Top PDF Climate Change Impacts on Agriculture in Vietnam

Climate Change Impacts on Agriculture in Vietnam

Climate Change Impacts on Agriculture in Vietnam

1 The designations employed and the presentation of material in this information product do not imply the expression of any opinion whatsoever on the part of the Food and Agriculture Organization of the United Nations (FAO) concerning the legal or development status of any country, territory, city or area or of its authorities, or concerning the delimitation of its frontiers or boundaries. The mention of specific companies or products of manufacturers, whether or not these have been patented, does not imply that these have been endorsed or recommended by FAO in preference to others of a similar nature that are not mentioned. The views expressed in this information product are those of the author(s) and do not necessarily reflect the views of FAO.
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Climate change impacts on agriculture: A panel cointegration approach and application to Tunisia

Climate change impacts on agriculture: A panel cointegration approach and application to Tunisia

The Ricardian method has been applied to various countries, including the United States, Brazil, and Germany, and to the African continent. Schlenker et al. (2005) derived the effects of climate change on U.S agriculture. Using the hedonic approach, they found that changes in long-run weather patterns might have a smaller effect on commodity prices, especially on crops produced in California and Florida. The hedonic approach was used as a theoretical background by Lang (2007), who found that land prices are determined by climatic factors. Lang also showed that German farmers are winners of climate change in the short run, with maximum gains occurring at a temperature increase of +0.6°C against current levels. In the long run, there may be losses from global warming. Seo et al. (2009) applied the Ricardian approach to analyze the distribution of climate change impacts on agriculture across agro- ecological zones in Africa and found that the effects of climate change will be quite different across Africa and the humid forests will become more productive in the future.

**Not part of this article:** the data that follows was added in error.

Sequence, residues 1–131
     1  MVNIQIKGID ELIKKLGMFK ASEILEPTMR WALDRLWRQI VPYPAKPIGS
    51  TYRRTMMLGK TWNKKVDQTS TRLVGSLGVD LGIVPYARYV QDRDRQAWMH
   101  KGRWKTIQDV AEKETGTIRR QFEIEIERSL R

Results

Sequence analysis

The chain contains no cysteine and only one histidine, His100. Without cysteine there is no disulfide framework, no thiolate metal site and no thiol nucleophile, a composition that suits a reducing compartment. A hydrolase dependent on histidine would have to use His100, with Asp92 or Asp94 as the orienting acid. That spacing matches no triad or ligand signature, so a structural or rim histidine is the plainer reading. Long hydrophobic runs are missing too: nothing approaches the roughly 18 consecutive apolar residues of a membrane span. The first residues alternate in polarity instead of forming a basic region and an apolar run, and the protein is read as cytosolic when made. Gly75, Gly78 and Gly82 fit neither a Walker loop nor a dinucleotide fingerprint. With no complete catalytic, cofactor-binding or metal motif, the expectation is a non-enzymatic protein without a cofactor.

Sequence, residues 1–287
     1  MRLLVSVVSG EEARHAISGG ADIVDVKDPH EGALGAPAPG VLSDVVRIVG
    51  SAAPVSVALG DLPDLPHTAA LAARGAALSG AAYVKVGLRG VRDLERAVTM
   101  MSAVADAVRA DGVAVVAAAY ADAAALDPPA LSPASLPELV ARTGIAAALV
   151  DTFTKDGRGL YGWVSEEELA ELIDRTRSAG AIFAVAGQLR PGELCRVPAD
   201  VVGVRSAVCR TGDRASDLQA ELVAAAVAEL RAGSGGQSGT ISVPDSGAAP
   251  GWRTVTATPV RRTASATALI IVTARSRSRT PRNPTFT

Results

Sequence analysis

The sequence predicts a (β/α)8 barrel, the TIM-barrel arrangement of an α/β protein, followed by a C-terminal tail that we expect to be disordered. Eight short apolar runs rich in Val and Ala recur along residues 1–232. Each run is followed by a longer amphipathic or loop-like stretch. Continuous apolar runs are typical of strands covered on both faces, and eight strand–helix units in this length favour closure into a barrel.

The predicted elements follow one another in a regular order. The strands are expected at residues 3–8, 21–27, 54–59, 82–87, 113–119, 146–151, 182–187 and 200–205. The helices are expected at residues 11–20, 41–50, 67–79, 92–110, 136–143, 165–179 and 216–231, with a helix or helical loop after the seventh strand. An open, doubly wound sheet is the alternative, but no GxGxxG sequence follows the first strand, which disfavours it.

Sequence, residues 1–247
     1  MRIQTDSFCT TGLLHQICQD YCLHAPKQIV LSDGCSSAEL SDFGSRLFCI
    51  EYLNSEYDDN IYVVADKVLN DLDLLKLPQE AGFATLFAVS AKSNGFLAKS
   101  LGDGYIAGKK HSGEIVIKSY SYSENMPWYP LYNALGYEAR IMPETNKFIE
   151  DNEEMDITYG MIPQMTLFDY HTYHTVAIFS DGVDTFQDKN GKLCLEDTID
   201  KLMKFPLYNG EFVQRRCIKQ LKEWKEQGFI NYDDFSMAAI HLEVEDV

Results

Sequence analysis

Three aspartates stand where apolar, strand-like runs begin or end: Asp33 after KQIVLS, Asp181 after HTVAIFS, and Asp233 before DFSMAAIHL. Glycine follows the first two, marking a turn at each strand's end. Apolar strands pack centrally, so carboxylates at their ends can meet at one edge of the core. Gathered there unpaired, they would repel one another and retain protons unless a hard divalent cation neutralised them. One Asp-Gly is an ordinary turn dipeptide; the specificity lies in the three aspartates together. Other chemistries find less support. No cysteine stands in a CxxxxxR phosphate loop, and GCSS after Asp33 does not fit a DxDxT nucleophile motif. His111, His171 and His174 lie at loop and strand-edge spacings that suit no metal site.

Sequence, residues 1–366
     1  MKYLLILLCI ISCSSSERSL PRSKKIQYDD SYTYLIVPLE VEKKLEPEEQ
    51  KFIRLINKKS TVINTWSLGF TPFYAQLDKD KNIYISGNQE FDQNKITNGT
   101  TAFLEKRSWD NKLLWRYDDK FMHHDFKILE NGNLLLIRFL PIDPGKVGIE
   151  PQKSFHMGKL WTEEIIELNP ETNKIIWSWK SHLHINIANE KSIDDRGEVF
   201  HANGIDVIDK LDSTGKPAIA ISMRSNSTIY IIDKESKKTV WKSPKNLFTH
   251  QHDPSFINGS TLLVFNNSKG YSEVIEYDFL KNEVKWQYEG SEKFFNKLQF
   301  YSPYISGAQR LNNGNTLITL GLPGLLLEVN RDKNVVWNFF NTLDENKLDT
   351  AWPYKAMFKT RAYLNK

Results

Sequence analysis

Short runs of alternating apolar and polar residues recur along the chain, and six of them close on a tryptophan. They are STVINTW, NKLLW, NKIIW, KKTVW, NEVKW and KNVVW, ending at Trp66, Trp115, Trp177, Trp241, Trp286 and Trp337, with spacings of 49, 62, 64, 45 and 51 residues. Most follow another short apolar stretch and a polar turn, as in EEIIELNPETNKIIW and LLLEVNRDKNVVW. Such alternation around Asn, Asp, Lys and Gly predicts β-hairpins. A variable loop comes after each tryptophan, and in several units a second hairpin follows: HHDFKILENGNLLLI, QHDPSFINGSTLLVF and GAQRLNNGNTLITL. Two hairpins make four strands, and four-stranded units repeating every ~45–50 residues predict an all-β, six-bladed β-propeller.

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Climate Change Impacts on Agriculture across Africa

Climate Change Impacts on Agriculture across Africa

The confidence in projected impacts of climate change on agricultural systems has increased substantially since the first Intergovernmental Panel on Climate Change (IPCC) reports. In Africa, much work has gone into downscaling global climate models to understand regional impacts, but there remains a dearth of local level understanding of impacts and communities’ capacity to adapt. It is well understood that Africa is vulnerable to climate change, not only due to high exposure to climate change, but also because many African communities lack capacity to respond or adapt to the impacts of climate change. Warming trends have already become evident across the continent and it is likely that the continents’ 2000 mean annual temperature change will exceed +2C by 2100. Added to this warming trend, changes in precipitation patterns are also of concern: Even if rainfall remains constant, due to increasing temperatures, existing water stress will be amplified, putting even more pressure on agricultural systems, especially in semi-arid areas. In general, high temperatures and changes in rainfall patterns are very likely to reduce cereal crop productivity and new evidence is emerging that high- value perennial crops will also be negatively impacted by rising temperatures. Pressures from pests, weeds and diseases are also expected to increase with detrimental effects on crops and livestock.
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Climate change impacts on agriculture and internal migrations in Brazil

Climate change impacts on agriculture and internal migrations in Brazil

Figure 11. Migration by occupation and destination (accumulated, 2070, % change from baseline). We should now p oint o ut th at t he migration co ncept used in this stud y in volves o nly the personal (worker) dimension. Migration, however, is a complex phenomenon, and frequently involves the whole family, which may sooner or later follow the migrant worker. Indeed, Oliveira and Jannuzzi (2004) analy zed t he reaso ns of migration in Brazil. According to those authors, b ased on a sp ecial supplementary su rvey in the PNAD 2001, the “s earch for jo bs” is the most common reason for migration, especially among men: 34% of men and 11.8% of women have selected that as the main reason f or migration. Altogether 23% of t he s urveyed persons dec lared that their m ain re ason for migration w as th e search f or jobs 11 . T he a nswer “ accompanying t he f amily”, on t he other hand,
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Urbanization and climate change impacts on future urban flooding in Can Tho city, Vietnam

Urbanization and climate change impacts on future urban flooding in Can Tho city, Vietnam